There was a time when Auburn head coach Gus Malzahn was considered one of the great offensive minds of our time. Utilizing a spread attack that skewed run or pass-heavy depending on the talents of the players he had, Saint Gustav the Sweatervested built an Arkansas high school powerhouse. He then resurrected the Arkansas attack for a brief time (in a little mission I like to call Operation Nutt Job), and scored seemingly at will while at Tulsa, from the moment he got to campus. He turned Arkansas State into a bowl bound scoring machine in a single season,
Of course Malzahn's most nationally prominent success has come on the Plains, where he's coached a national title team as offensive coordinator and played for a title in his first year as the head sociologist. The Tigers did that behind a potent offense, which placed second in scoring offense (39.5 points per game) in 2013, Malzahn's first year at the helm. Last year, with Nick Marshall once again at the helm, they fell slightly to fourth in scoring offense (35.5 points per game). This season however the wheels have come off, with the Tigers dropping to tenth (Georgia's anemic attack ranks eighth).
Part of that may be that Jeremy Johnson is only just now starting to look like the quarterback he was supposed to be from the jump. But the numbers don't necessarily bear that out. To me the most significant offensive number for the WarPlainsTigerEagles is their rushing offense. In 2013 behind Tre Mason, Nick Marshall, Corey Grant, and Cameron Artis-Payne the Tigers led the SEC in rushing offense, and it wasn't even really that close. Auburn averaged 328.3 yards rushing per game. Second place Mizzou was nearly 90 yards behind (237.9 yards per game).
But in 2014 that total dropped to 255.5 yards per game (still good for second best in the league). In 2015 that number has gotten appreciably worse, with the Abuurn offense only rushing for 188.9 yards per game. The downward trend in the Tigers' scoring has also been pretty striking during the Malzahn era. During that 2013 season culminating in a title appearance Auburn averaged 39.5 points per game. They still needed late game heroics of an epic nature to win against Georgia and Alabama down the stretch, but were in those and other games because they could successfully get the ball down the field against some stout defenses. That scoring number slipped to 35.5 in 2014, still a pretty solid output. But 2015 has been a chaotic year for the Auburn offense, with the Plainsmen falling to 10th in the league in scoring at 27.1 points per game.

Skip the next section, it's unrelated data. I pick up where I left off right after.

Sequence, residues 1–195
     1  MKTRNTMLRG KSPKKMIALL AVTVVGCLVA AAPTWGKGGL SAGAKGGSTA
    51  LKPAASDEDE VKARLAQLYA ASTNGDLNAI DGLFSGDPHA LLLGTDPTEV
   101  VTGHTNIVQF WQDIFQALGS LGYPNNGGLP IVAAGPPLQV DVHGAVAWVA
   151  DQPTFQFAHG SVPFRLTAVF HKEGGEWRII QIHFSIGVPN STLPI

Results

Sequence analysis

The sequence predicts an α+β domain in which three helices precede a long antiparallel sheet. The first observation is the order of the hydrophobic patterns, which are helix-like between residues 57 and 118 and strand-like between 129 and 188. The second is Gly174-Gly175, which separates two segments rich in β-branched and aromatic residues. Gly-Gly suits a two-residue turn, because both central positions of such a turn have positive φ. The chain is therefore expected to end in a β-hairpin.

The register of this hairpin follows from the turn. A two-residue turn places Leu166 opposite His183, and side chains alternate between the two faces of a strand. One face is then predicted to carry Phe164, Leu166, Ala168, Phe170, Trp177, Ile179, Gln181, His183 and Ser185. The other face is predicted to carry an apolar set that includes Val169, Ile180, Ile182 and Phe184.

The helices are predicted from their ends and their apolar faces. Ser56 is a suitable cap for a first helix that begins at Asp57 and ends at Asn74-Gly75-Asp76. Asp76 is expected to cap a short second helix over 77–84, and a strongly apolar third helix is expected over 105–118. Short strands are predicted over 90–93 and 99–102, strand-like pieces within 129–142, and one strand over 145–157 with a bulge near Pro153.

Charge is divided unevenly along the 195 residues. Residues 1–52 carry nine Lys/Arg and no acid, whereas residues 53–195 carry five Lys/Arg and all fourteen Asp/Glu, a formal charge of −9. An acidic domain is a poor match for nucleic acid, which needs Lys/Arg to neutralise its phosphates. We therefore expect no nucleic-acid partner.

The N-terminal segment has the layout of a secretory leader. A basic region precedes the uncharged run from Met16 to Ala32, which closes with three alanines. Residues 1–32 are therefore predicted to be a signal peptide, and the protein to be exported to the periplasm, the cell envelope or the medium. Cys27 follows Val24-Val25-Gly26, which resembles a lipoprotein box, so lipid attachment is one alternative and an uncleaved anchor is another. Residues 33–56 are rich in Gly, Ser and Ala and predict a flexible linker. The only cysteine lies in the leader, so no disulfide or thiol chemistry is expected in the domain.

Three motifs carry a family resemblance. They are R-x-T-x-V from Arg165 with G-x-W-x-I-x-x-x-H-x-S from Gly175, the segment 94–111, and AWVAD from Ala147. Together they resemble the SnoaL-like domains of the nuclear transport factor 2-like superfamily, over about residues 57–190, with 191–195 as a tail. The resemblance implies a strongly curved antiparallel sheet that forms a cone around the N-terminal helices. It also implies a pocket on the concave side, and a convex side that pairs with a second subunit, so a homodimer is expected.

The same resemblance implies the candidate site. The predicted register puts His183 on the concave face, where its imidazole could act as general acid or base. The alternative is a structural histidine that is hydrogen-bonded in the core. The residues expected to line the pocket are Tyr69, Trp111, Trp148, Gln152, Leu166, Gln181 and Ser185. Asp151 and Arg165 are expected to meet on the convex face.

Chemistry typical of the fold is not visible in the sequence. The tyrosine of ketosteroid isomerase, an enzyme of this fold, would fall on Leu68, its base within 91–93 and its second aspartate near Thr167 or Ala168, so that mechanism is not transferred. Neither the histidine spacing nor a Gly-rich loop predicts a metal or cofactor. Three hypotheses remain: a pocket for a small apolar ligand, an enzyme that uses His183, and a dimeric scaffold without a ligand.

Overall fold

What's at the root of this decline? 2015's numbers can be partially explained by turnover at quarterback and tailback. Artis-Payne and Mason were each exceptional tailbacks, and no QB ever ran like he stole something quite like Nick Marshall. But 2014's marginal slippage occurred while Artis-Payne and Marshall were still guarding the store. I propose that what we're seeing is a combination of Auburn struggling to find the right personnel, SEC defenses (including Georgia's under Jeremy Pruitt) being transformed to take on spread attacks, and the Malzahn scheme itself simply stagnating.
Over time that's what tends to happen to all innovative offenses, whether it be the wishbone, the run and shoot, the air raid, or the spread option. In the end there are really only so many ways to line up on a football field while staying within the rules (pouring one out for you, A-11 devotees). As a growing body of film develops, there are fewer wrinkles to take advantage of. It happens to even the most innovative of innovators.
This is one reason why I'm such a devotee of the old coaching saw that "it isn't the x's and o's, it's the Jimmies and Joes." In the end there are lots of different ways to be successful on offense, if you execute well. Georgia runs a pro-style attack that really doesn't do anything terribly innovative. In the past when it's been executed well by talented players it's been obscenely effective. There's a reason Georgia's scoring fewer than 32 points a game for the first time since 2009. It's execution, both by the players and the coaching staff. That's not 100% unexpected given all the new moving parts on the Bulldog offense. And it's perhaps important to understand that it's a very different thing than what Auburn is dealing with. Auburn may be running an offensive attack that once made up for in novelty and scheme-specific talent what it lacked in execution. And that can become a long-term program issue.
Today's matchup between two teams who really need to win this game may well come down to offensive execution. The question for both fan bases will be whether the conference wins they notched last week were a sign of turning the corner or were merely a mild reprieve from the downward spiral. Until later . . .